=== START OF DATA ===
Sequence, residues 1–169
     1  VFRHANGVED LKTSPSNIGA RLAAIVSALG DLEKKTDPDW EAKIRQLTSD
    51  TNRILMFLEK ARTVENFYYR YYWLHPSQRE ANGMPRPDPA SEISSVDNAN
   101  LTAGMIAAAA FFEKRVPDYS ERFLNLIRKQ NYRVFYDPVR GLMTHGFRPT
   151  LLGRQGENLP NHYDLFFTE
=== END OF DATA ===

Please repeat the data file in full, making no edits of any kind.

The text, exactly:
Sequence, residues 1–169
     1  VFRHANGVED LKTSPSNIGA RLAAIVSALG DLEKKTDPDW EAKIRQLTSD
    51  TNRILMFLEK ARTVENFYYR YYWLHPSQRE ANGMPRPDPA SEISSVDNAN
   101  LTAGMIAAAA FFEKRVPDYS ERFLNLIRKQ NYRVFYDPVR GLMTHGFRPT
   151  LLGRQGENLP NHYDLFFTE